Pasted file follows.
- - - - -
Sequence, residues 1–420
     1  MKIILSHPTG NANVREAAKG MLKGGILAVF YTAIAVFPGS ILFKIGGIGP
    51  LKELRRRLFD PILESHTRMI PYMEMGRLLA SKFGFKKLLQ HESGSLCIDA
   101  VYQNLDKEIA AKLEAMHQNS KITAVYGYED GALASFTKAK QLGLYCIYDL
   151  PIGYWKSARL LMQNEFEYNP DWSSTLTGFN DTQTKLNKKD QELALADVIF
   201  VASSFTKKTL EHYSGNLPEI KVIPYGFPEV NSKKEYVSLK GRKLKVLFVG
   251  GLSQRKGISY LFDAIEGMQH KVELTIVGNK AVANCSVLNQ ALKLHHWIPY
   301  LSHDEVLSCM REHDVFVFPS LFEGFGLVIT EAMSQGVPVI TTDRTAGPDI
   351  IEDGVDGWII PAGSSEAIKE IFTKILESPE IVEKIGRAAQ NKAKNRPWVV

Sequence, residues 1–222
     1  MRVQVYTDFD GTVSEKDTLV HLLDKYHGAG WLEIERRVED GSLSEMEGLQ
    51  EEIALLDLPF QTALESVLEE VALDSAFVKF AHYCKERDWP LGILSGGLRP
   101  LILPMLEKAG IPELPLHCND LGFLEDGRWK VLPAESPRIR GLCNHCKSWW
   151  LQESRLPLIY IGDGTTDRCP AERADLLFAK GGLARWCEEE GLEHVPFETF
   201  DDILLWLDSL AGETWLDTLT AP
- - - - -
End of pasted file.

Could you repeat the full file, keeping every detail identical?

Sequence, residues 1–420
     1  MKIILSHPTG NANVREAAKG MLKGGILAVF YTAIAVFPGS ILFKIGGIGP
    51  LKELRRRLFD PILESHTRMI PYMEMGRLLA SKFGFKKLLQ HESGSLCIDA
   101  VYQNLDKEIA AKLEAMHQNS KITAVYGYED GALASFTKAK QLGLYCIYDL
   151  PIGYWKSARL LMQNEFEYNP DWSSTLTGFN DTQTKLNKKD QELALADVIF
   201  VASSFTKKTL EHYSGNLPEI KVIPYGFPEV NSKKEYVSLK GRKLKVLFVG
   251  GLSQRKGISY LFDAIEGMQH KVELTIVGNK AVANCSVLNQ ALKLHHWIPY
   301  LSHDEVLSCM REHDVFVFPS LFEGFGLVIT EAMSQGVPVI TTDRTAGPDI
   351  IEDGVDGWII PAGSSEAIKE IFTKILESPE IVEKIGRAAQ NKAKNRPWVV

Sequence, residues 1–222
     1  MRVQVYTDFD GTVSEKDTLV HLLDKYHGAG WLEIERRVED GSLSEMEGLQ
    51  EEIALLDLPF QTALESVLEE VALDSAFVKF AHYCKERDWP LGILSGGLRP
   101  LILPMLEKAG IPELPLHCND LGFLEDGRWK VLPAESPRIR GLCNHCKSWW
   151  LQESRLPLIY IGDGTTDRCP AERADLLFAK GGLARWCEEE GLEHVPFETF
   201  DDILLWLDSL AGETWLDTLT AP